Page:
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The Awakening
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Part VI

Edna Pontellier could not have told why, wishing to go to the
beach with Robert, she should in the first place have declined, and
in the second place have followed in obedience to one of the two
contradictory impulses which impelled her.
A certain light was beginning to dawn dimly within her,—the
light which, showing the way, forbids it.
At that early period it served but to bewilder her. It moved
her to dreams, to thoughtfulness, to the shadowy anguish which had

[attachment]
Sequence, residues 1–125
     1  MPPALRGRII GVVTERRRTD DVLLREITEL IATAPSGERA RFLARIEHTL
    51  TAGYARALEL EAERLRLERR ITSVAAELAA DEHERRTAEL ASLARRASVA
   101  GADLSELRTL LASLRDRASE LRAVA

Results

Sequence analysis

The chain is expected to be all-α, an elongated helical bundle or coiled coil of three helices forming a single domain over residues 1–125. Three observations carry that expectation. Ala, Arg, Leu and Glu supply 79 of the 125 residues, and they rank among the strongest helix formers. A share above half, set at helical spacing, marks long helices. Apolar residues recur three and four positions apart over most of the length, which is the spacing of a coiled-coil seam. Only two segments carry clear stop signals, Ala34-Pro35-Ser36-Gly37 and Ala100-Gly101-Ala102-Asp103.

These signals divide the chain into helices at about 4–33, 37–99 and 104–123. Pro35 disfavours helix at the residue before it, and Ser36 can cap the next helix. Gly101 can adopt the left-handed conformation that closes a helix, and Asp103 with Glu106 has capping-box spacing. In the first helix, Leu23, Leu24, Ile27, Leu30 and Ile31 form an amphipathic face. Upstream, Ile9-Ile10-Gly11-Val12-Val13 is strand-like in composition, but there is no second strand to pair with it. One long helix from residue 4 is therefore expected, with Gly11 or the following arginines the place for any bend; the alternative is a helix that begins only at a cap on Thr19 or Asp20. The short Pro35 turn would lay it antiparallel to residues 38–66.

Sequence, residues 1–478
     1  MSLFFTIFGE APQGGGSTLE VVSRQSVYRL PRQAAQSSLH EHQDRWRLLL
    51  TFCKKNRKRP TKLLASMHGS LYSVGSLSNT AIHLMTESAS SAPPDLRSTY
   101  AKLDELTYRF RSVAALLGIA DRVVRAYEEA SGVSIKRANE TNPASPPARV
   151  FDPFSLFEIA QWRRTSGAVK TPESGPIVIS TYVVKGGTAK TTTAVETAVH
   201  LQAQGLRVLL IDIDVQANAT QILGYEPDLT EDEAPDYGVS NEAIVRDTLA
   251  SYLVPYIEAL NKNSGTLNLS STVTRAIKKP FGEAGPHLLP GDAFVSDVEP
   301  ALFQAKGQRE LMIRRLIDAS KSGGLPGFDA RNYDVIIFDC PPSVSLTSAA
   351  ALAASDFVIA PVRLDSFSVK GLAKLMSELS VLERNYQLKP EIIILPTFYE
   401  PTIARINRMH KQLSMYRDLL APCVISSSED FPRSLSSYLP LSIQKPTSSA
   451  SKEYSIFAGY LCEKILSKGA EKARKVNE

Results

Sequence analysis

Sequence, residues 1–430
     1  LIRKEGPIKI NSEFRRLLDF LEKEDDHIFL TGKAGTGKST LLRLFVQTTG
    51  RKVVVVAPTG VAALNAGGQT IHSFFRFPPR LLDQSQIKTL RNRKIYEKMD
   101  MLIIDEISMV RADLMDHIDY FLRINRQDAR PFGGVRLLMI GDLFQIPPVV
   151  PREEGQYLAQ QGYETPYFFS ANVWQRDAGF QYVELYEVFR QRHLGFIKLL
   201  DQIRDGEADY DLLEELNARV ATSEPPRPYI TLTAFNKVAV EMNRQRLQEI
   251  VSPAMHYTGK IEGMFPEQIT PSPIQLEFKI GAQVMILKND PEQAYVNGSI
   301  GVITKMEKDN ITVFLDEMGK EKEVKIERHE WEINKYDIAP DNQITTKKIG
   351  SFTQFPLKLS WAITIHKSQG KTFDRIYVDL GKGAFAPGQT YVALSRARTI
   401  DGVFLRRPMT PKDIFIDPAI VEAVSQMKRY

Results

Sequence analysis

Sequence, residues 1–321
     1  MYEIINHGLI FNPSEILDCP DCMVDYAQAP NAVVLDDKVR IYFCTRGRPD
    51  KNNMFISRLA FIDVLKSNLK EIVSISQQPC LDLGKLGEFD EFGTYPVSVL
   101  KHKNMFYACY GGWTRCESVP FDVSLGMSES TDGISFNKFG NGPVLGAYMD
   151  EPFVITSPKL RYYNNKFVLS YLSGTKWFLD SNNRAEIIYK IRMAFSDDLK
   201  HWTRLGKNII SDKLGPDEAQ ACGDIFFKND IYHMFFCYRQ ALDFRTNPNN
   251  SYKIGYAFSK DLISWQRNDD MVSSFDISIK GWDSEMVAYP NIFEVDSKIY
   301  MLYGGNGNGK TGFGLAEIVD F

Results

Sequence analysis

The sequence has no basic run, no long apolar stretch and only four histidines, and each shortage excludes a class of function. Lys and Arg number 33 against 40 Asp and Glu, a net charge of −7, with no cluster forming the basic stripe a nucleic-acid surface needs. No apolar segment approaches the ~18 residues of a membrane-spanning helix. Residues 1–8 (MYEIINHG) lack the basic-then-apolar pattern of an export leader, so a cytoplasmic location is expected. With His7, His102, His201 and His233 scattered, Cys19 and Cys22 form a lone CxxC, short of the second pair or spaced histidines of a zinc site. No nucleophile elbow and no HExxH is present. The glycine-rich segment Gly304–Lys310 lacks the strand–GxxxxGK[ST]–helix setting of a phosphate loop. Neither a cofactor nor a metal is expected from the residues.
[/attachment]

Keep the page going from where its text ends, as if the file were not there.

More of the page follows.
overcome her the midnight when she had abandoned herself to tears.
In short, Mrs. Pontellier was beginning to realize her
position in the universe as a human being, and to recognize her
relations as an individual to the world within and about her. This
may seem like a ponderous weight of wisdom to descend upon the soul
of a young woman of twenty-eight—perhaps more wisdom than the Holy
Ghost is usually pleased to vouchsafe to any woman.
But the beginning of things, of a world especially, is
necessarily vague, tangled, chaotic, and exceedingly disturbing.
How few of us ever emerge from such beginning! How many souls
perish in its tumult!
The voice of the sea is seductive; never ceasing, whispering,
clamoring, murmuring, inviting the soul to wander for a spell in
abysses of solitude; to lose itself in mazes of inward
The voice of the sea speaks to the soul. The touch of the sea
is sensuous, enfolding the body in its soft, close embrace.
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